Back to List
Japanese Economy Update

Net Lending by the Corporate Sector: The Case of Japan

Jun SAITO
  Senior Research Fellow

2014/11/06

Corporate net lending and its implication

At a time of disappointing growth in the global economy, pursuing ways to encourage private demand is an important agenda. In that context, a special focus could be given to the growing net lending by the corporate sector (non-financial) which has become a common phenomenon in the major economies. If the corporate sector can reduce its net lending, and even revert back to net borrowing position that existed in the past, by increasing compensation of employees and/or increasing private business investment, global real GDP growth could be higher.

In the following, the reasons for the corporate net lending in Japan will be reviewed so that insights for the future trend can be attained.

Reasons for the turnaround to excess savings

Corporate sector in Japan, which used to record net borrowing position, turned into net lending in late 1990s. As Fig.1 shows, it owes to both increase in net savings and decline in net fixed capital formation which became evident in late 1990s.

(a)Increase in net savings

The reasons for the increase in net savings are as follows:

First is the decline in compensation of employees. It used to show a steady increase until the 1980s when the economy enjoyed relatively high growth. It became flat in early 1990s after the burst of the bubble, and began to show a gradual decline in late 1990s when the corporate sector started to engage in serious restructuring following the financial crisis that broke out in 1997. It stayed on the declining trend even in 2000s by increasing non-regular workers that became easier to employ after a series of regulatory reform with regards dispatched workers.

Second is the decline in property income payments, particularly interest payments, as Fig.2 shows. On one hand, it reflected the decline in interest rate that followed a series of monetary easing, including zero interest rate policy (1999-2000) and quantitative easing policy (2001-2006). On the other hand, it was a result of paying back bank loans which turned out to be excessive, inflexible, and expensive after the burst of the bubble. As Fig.3 shows, in place of bank loans, shares became relatively more important as means of financing, whose dividend payments could be more flexible at a time of economic difficulties.

(b)Decline in net investment

As for the reasons for the decline in net investment, they can be summarized as follows:

First is the decline in expected growth rate in the medium term. After the bubble burst and the decline in population became evident (working age population started to decline in late 1990s), firms found less reasons to maintain the production capacity, albeit increasing it. Consequently, net fixed capital formation (gross fixed capital formation minus consumption of capital) became almost flat. In addition, it may also be reflecting the growing importance of intangible assets which is only partially included in the current statistics on fixed capital.

Second is the fall in prices of capital goods which helped in capping business investment in nominal terms. Deflator for private business investment has been on a falling trend throughout the period, especially from early 1990s to mid-2000s, reflecting, inter alia, innovations in the IT sector.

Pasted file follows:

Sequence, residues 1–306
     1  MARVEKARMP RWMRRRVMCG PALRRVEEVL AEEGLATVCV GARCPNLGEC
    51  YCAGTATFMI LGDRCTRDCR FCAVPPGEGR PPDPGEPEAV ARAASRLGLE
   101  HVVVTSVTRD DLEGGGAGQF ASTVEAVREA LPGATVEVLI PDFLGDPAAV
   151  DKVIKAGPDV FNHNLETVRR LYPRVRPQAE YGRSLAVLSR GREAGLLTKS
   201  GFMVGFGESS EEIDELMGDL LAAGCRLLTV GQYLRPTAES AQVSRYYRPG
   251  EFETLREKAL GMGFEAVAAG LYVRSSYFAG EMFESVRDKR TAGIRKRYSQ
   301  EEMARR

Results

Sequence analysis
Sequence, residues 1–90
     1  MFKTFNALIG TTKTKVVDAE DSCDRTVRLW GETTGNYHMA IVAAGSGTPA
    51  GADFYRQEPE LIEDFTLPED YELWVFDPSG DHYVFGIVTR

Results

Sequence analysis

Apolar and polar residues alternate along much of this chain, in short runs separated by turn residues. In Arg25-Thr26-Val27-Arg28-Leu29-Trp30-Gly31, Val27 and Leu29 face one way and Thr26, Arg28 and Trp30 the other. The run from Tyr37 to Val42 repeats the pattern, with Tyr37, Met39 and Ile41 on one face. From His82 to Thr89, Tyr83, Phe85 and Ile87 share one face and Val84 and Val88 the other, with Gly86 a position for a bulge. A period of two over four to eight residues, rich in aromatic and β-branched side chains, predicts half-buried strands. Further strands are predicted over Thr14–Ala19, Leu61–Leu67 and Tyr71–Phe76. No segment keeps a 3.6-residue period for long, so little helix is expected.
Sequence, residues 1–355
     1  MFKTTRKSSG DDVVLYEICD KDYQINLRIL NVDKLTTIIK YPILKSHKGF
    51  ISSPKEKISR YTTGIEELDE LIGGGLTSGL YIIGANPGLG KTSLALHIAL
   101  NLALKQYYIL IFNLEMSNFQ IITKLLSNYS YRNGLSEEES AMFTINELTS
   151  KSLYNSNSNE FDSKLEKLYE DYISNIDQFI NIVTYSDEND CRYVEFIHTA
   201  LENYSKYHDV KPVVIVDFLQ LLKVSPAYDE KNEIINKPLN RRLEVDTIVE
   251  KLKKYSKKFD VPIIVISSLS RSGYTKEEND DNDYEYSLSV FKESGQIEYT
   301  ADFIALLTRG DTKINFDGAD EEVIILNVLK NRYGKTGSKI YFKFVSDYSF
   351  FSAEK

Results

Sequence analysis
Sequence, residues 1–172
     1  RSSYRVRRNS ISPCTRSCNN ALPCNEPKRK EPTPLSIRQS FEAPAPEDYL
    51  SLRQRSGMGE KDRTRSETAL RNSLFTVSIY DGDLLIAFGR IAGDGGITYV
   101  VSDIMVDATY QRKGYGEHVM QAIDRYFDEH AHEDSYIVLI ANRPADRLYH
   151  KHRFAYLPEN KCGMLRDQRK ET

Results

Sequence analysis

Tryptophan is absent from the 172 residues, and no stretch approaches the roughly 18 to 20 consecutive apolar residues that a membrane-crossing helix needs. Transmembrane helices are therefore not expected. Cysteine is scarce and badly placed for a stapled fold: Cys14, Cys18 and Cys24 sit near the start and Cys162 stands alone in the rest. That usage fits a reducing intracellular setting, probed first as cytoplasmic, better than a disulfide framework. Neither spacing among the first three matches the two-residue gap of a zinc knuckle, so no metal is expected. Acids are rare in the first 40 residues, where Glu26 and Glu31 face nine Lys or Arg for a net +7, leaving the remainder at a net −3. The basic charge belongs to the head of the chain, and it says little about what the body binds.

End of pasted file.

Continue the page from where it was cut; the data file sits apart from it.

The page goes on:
Financial implications of corporate net lending

It is sometimes presumed that excess savings of the corporate sector is resulting in piling up of cash by the firms. Evidence shows that, while it is true that firms have increased cash and deposits since late 1990s, it is the reducing of bank loans (partly offset by increase in stocks) and increasing of other assets that made larger contribution. Reduction of bank loans took place mainly during the period when the financial sector was dealing with the non-performing loans problem in late 1990s and early 2000s. Other assets that showed increase included assets that were accumulated through foreign investment, both direct and indirect.

Above fact shows that firms are averting risk of failure by increasing cash and deposits as a buffer and shifting away from bank loans to shares to improve flexibility at times of difficulties. It is true that holding cash incurs opportunity cost: However, it may have fallen because of the decline in interest rate under easier monetary conditions. Financing by shares rather than debts may also imply increase in taxable income: However, relative cost of financing by shares (i.e. dividend payments are not deductible) may have been reduced by corporate tax cut that has taken place since late 1980s. It is the point emphasized by Roc Armenter in the context of the U.S. corporate savings (“The Rise of Corporate Savings”, Business Review, Federal Reserve Bank of Philadelphia, Q3 2012).

Future of the net lending/net borrowing position of the corporate sector

What is to be expected as the future of the corporate excess savings? There are factors that would work in reducing net lending. Compensation of employees can be expected to increase when economic activities revive against the backdrop of decline in labor force. Private business investment may also regain momentum as the medium-term prospect of the Japanese economy improves.

However, if the revival of the Japanese economy remains to be a time consuming challenge, monetary policy can be expected to be engaged in unconventional monetary easing for an extended period of time. Cuts in corporate tax rate may further encourage the shift of financing means to equities.

Net lending/net borrowing position of the corporate sector is going to depend on the success of economic policies in improving the medium-term prospects of the Japanese economy.